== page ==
“Waltz” (season 6, episode 11; originally aired 1/8/1998)
In which Dukat and Sisko dance, but Dukat finds other partners...
How do you solve a problem like Gul Dukat? Former Gul Dukat, actually; I doubt he still retains his position post breakdown and capture. (Maybe he does. I’m not an expert on Cardassian bureaucracy/power structures.) But the point isn’t his title: the point is figuring out what to do with a character who’s had the most dramatic rises and falls of anyone on the series. Dukat has been a commandant, an officiant, a father bent on murder, a revolutionary, a dictator, and, lately, a man with a broken mind, tormented by the simultaneous loss of his daughter (who, let’s remember, he was once determined to kill) and his thorough beating at the hands of anti-Dominion forces. When we meet him at the start of “Waltz,” after a long introductory voice-over from Sisko explaining the current situation—Dukat’s been in therapy, and is now heading to the Federation for some preliminary legal proceedings—he seems well enough. But over the course of the hour, we learn that Dukat is a deeply damaged individual, fractured and tormented in ways that are very likely irreparable. After spending time with the Cardassian under unusual circumstances, Sisko draws certain conclusions, solving Dukat as neatly as Alexander solved a certain knot: the enemy is an evil man, and Sisko is determined to stop him.
While there’s no question Dukat has evil in him, I’m not sure I agree with Sisko’s line in the sand pronouncement. It makes sense from a character perspective; Sisko is a smart, determined fighter, but he’s always been more warrior than philosopher, and in situations where something he cares about is threatened, he’s not going to quibble too much about details. Sisko reacts to crises emotionally as much as intellectually, and that passion typically serves him well. His decision here, after seeing Dukat rant and rave for days before swearing to destroy all that Bajor is, is the sort of decision that DS9 handles better than any other Trek series before it: an in-character beat that is perfectly satisfying (if maybe a little over-the-top), but that doesn’t necessarily line up with our own view of the situation. Dukat doesn’t come across well in “Waltz,” and his final speech is a few screams shy of a Batman villain rant, but the fact that we get to see the demons he’s fighting against make him more complex than Sisko’s determination allows. The final shot of Dukat as he closes the shuttle’s rear door, with the trio of phantasms crowded behind him, is telling. He is a man haunted by his crimes, but incapable of understanding what’s haunting him. The only response left is to double down on villainy, and while it’s necessary to condemn such a choice, I find it hard not have some pity for the fool who makes it.
“Waltz” is a tricky episode, using a set-up that we’ve seen before—namely, characters alone together in less than ideal circumstances (it’s sort of what happened with Kira and Dukat in “Indiscretion”)—and a gimmick with a high chance of failure, ie “let’s visualize my madness through the power of imaginary people.” There are plenty of ways this could’ve gone wrong, and the crazed intensity of so much Marc Alaimo’s performance throughout regularly borders on camp, but it works. This is playing-at-the-edges stuff, trying to understand what drives Dukat without softening him or making that understanding too simplistic. Having phantom versions of Weyoun, Damar, and Kira appear at various times to allow Dukat’s inner turmoil external expression is a clever idea, but not an automatically effective one. At times, it threatens to make the various crises he’s struggling with too obvious. Weyoun appearing in a scene the first time we see Dukat alone is a heck of a shock, but once it’s clear that he’s just an imaginary friend (albeit one Dukat doesn’t realize is imaginary), his presence loses much of its impact. Weyoun and the others can’t effect events; they can only inform us of Dukat’s character, like how Dukat has doubts about whether or not he should keep Sisko alive, and how he also judges himself harshly for his failures. All of which is good information to have, but doesn’t in and of itself justify the gimmick.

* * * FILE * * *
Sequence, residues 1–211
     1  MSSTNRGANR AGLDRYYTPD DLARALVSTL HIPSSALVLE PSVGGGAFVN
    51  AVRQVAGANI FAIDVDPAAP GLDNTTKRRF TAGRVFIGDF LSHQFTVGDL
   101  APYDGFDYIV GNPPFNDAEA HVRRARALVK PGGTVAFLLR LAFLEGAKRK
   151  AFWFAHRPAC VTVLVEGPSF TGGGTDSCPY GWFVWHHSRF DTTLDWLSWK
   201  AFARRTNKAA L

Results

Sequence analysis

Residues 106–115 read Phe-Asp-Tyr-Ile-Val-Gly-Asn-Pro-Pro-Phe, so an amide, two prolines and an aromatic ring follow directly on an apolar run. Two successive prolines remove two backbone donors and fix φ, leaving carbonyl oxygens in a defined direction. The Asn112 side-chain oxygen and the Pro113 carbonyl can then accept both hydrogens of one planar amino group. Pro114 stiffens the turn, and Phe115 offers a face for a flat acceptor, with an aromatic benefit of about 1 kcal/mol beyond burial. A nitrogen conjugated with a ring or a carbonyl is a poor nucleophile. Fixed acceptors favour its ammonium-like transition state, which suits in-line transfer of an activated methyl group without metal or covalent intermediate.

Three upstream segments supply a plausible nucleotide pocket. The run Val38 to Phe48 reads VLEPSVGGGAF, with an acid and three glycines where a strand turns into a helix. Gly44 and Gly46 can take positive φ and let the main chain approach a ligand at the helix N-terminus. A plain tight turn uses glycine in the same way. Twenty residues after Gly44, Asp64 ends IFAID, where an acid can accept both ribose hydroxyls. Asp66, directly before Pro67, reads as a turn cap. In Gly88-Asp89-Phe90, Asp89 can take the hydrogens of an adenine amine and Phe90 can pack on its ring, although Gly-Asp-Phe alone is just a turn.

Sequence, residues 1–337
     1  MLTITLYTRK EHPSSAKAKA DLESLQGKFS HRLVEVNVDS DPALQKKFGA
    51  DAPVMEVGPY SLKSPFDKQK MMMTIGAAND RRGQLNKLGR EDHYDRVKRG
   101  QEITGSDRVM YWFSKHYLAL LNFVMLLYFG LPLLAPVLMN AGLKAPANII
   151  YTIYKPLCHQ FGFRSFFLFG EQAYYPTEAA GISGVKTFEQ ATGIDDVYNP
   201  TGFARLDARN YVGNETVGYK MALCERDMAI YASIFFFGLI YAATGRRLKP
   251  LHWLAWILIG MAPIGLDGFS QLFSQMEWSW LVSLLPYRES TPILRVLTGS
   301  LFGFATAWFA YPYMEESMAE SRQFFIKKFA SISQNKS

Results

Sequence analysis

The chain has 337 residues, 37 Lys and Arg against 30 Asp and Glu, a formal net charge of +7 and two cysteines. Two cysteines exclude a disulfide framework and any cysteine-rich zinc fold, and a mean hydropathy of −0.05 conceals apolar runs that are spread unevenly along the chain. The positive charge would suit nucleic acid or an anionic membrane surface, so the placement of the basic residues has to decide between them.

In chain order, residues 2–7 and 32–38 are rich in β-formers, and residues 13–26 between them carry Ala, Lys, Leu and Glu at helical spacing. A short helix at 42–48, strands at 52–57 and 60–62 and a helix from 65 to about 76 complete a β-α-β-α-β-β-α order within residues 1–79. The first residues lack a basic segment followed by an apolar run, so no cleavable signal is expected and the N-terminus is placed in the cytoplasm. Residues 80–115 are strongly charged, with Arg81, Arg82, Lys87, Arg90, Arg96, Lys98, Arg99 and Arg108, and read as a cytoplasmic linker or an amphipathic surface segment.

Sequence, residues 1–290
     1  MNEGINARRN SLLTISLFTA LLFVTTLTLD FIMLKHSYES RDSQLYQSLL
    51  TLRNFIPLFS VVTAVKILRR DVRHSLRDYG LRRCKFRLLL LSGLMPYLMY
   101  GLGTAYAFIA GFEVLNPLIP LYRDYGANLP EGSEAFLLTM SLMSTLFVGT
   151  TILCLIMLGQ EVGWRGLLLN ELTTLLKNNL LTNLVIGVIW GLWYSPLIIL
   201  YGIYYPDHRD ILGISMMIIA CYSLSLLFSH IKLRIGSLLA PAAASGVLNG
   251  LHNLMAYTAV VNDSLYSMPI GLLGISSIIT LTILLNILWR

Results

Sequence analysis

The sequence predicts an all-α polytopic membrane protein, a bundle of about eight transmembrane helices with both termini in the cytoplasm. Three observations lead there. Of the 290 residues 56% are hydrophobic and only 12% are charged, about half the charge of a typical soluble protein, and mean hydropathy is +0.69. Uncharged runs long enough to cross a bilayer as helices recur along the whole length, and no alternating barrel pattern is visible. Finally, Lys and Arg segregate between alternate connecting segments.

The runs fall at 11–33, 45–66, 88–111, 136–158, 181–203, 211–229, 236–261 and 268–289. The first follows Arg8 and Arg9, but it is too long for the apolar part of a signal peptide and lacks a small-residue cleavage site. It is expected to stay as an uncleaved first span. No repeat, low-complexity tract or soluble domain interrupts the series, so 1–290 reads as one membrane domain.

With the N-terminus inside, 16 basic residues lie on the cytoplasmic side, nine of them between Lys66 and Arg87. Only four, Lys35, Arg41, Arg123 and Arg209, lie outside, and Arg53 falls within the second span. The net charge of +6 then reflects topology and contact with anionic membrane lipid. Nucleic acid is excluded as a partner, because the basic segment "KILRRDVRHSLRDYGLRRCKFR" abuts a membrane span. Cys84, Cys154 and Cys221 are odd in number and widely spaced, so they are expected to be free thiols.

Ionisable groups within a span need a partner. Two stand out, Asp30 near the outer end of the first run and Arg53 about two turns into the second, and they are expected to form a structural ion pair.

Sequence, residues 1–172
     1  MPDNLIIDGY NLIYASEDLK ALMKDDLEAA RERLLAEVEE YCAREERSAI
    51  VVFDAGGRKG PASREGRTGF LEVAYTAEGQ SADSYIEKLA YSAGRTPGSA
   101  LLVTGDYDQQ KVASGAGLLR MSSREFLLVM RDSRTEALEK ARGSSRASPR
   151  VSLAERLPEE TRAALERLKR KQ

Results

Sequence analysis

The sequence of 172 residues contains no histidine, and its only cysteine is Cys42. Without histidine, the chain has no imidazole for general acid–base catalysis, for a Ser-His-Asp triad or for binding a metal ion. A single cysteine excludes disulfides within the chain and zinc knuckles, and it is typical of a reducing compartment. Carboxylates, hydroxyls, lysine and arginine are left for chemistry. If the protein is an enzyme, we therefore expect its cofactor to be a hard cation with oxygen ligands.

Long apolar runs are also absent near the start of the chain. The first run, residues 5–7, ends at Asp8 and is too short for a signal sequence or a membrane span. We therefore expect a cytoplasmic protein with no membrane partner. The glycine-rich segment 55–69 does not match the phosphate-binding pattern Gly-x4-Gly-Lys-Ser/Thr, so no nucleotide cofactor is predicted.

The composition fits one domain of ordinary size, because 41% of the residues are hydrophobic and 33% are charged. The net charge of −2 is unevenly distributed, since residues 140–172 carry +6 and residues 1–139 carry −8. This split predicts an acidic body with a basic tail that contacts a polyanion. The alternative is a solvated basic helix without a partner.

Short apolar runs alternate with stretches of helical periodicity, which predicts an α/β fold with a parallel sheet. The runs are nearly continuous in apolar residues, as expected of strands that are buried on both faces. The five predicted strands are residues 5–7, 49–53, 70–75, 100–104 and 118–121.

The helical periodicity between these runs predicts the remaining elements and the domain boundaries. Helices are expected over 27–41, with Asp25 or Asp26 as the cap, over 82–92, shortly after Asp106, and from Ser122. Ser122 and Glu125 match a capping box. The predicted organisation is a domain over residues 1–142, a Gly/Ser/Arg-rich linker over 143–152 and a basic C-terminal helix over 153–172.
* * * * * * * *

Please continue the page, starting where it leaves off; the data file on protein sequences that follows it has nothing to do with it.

What makes Dukat’s hallucinations work, I think, is how they build. Individually, Weyoun, Damar, and Kira are entertaining but unnecessary. Weyoun is Dukat’s loathing of his “weaker” self, while Damar is Dukat’s Cardassian pride speaking out; Kira is his complicated relationship with Bajor, manifesting both as a symbol of what he can never have, and proof that his enemy was always looking to misinterpret his actions to serve their own needs. They give the script a way to illuminate Dukat’s mind without resorting to simple monologues, but it’s such an obvious device that it’s a little distracting to watch. But once the figures start popping up while Dukat is arguing his case with Sisko, things get interesting. While the episode is often ostensibly through Dukat’s eyes (after all, we can see things that he sees, even when Sisko can’t), the primary tension comes from figuring out just why the Cardassian was willing to save his off-and-on nemesis, and what that decision means for Sisko’s immediate future. As Dukat’s desperation to win an ideological discussion with Sisko intensifies, the harbingers of his madness grow stronger; we’re privy to the interjections from Dukat’s psyche, but Sisko is not, which creates a fascinating, and unsettling, back and forth.